Monday, 23 February 2015

Soggy times at Sandwell Valley

Yesterday it was once again time for my monthly volunteering jaunt at RSPB Sandwell Valley. With dreadful weather forecast for the afternoon it was with a small amount of trepidation that I headed off there, expecting to most likely be heading home early due to the rain!

At least it was fairly pleasant in the morning; as I walked down to the hide I heard many birds singing including Mistle Thrush, Greenfinch, Chaffinch and Robins-aplenty. Around near the feeders there were loads of Bullfinches and I also heard Willow Tit calling. It was great to see the progress that has been made on the new visitor centre - I hadn't seen it since December and things had moved on quite significantly:

The roof is starting to appear!
Down in the hide it was rather chilly, and fairly quiet both bird- and visitor-wise. Don't know where all the Lapwings had gone but there were hardly any in the vicinity! There were plenty of Snipe around though, a Little Grebe bobbing around at the far side of Forge Mill Lake, and Great Crested Grebe further out along with the Tufted Ducks, Gadwalls and Goosanders. There was one Common Gull hanging out with the Black-Headeds, and we had a Kingfisher fly-by past the hide. I tried to do a few drawings before the rain arrived:

The Gadwall swam off before I was able to get any further! Quite pleased with the Lapwing and Starling; I blame the vagueness of those Goosanders on the fact that the rain had commenced by that point so they appeared somewhat indistinct.
Beyond around midday, the rain and wind became heavy and relentless, and this was unfortunately our view for the rest of the afternoon!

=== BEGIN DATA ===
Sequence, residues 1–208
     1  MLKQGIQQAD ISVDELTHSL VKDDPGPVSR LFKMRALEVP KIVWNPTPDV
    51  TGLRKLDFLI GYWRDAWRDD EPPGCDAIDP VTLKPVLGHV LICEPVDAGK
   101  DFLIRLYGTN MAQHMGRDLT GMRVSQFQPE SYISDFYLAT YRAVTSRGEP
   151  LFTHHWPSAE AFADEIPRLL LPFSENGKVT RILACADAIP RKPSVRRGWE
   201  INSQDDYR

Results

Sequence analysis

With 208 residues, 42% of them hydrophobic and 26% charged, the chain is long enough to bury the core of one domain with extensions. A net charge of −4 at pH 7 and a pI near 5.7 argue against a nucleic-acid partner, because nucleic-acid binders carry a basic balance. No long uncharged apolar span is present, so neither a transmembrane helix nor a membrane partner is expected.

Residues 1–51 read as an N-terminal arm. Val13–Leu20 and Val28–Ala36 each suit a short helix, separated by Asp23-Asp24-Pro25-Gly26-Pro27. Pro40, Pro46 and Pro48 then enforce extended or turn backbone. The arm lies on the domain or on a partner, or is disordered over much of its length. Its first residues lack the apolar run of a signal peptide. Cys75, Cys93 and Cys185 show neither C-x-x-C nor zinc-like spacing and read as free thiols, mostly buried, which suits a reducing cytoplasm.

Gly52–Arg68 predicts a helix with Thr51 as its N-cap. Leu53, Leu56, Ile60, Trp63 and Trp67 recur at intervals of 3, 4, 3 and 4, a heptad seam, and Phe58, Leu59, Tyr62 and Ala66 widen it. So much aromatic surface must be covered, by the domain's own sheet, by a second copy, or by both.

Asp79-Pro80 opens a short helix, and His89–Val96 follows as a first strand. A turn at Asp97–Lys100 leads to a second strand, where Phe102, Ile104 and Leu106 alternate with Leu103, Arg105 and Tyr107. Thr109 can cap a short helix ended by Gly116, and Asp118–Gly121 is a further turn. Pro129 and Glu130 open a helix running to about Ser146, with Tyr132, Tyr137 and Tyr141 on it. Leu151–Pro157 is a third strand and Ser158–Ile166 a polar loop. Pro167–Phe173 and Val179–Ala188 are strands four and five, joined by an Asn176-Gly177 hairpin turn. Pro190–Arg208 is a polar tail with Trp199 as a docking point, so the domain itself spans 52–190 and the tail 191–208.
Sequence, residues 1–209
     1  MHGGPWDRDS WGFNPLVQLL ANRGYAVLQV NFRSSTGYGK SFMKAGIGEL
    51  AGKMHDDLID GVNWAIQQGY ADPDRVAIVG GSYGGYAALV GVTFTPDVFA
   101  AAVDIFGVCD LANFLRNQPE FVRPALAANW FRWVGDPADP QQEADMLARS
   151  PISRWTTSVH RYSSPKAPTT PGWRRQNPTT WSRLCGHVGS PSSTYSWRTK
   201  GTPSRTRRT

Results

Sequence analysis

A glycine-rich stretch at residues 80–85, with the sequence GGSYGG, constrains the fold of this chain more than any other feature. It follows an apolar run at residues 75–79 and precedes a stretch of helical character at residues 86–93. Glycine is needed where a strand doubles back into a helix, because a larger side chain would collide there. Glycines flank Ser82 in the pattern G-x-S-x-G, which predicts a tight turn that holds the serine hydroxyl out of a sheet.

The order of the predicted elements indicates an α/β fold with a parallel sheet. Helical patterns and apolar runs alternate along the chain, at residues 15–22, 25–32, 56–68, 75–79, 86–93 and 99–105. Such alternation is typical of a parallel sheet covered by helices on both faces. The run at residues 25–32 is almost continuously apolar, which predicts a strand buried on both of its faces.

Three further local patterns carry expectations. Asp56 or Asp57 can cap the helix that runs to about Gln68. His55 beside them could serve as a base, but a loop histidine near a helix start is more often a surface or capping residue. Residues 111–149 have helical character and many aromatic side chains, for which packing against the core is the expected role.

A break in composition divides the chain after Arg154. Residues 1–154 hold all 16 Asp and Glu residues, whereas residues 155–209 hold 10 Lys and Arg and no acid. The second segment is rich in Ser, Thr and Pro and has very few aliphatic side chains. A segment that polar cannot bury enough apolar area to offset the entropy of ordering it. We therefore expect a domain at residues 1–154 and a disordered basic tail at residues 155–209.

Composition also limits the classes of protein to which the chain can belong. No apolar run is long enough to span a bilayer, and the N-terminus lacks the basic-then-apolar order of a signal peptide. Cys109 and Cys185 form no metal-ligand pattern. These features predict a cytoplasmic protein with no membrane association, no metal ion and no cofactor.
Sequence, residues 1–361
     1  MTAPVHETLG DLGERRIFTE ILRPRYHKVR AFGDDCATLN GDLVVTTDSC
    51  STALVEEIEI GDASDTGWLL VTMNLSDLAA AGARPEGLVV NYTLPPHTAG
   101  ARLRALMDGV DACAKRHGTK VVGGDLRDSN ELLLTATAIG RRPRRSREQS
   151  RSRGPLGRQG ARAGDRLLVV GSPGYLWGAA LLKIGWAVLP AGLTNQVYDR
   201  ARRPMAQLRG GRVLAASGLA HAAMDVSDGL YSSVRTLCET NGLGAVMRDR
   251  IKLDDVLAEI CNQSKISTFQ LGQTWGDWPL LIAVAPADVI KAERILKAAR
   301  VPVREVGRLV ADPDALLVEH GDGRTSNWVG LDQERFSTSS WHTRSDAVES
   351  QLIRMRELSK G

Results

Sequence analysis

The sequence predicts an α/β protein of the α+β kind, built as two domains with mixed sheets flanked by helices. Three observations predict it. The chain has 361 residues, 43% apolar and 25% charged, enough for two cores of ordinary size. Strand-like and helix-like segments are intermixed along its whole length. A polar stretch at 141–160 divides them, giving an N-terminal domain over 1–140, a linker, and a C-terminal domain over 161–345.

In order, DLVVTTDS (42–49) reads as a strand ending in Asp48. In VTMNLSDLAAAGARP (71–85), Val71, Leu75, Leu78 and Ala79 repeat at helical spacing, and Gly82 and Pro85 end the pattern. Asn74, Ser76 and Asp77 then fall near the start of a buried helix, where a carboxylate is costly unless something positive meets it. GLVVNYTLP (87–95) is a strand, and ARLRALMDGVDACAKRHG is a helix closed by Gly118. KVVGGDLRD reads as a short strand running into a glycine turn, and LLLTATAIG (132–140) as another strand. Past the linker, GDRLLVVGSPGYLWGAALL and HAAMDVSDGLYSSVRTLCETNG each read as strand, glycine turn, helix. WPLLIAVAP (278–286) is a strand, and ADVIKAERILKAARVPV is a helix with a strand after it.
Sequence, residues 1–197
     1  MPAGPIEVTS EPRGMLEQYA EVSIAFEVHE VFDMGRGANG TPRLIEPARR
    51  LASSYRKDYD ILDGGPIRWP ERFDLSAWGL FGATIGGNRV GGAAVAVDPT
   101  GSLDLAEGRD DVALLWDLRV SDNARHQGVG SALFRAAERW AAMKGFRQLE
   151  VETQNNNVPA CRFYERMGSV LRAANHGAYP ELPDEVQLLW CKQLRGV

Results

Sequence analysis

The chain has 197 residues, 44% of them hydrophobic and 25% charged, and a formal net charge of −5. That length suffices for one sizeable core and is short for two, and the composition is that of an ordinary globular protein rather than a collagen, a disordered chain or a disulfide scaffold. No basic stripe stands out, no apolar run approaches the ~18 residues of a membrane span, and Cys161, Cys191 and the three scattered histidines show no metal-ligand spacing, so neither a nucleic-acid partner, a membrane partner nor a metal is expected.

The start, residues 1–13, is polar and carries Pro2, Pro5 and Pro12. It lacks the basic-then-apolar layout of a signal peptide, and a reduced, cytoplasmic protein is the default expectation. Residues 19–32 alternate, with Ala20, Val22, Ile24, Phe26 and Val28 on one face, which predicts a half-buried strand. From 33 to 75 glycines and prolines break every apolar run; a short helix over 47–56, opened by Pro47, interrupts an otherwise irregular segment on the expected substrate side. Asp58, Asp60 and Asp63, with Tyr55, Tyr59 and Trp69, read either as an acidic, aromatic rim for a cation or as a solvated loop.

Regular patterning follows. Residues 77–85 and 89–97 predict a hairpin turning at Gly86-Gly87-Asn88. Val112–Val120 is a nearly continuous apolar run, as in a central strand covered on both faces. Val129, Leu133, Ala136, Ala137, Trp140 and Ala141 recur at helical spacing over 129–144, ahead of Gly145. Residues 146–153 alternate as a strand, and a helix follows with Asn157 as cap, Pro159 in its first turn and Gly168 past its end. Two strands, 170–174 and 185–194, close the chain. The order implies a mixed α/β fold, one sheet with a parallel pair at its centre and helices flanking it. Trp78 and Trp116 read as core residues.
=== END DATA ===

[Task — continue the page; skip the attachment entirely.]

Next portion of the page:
The rain did at least provoke the Snipe into a frenzy of feeding activity, and we counted up to 15 probing around in the mud for worms and other tasty morsels. There was for some reason an influx of Wigeon too, Pete the Snipe had counted 7 in the morning but a bunch more came in taking it up to 23. The Oystercatcher pair which have bred every year for the past few years also put in an appearance. The wind badly affected a pair of Mute Swans that flew in from the east; one of them made the lake with no problem but the other was blown into the tall willow trees on the bank and tumbled down through them in an undignified manner! It all got a bit tense, as not only were the pair separated, but the particularly angry resident male Mute Swan known to regulars as Attila the Swan soon charged down the lake to see off the intruder - he can't tolerate any others on his patch. He chased the other poor swan all the way down the lake and back up again, just as its partner was emerging from the undergrowth looking none the worse for wear for its messy landing. It took one look at the situation and took off, following the other swan which was already beating a hasty retreat with Attila hot on its heels. 

As expected, the rotten weather meant that we had zero visitors that afternoon, so we closed the hide early and headed home! Fingers crossed for better weather next month....

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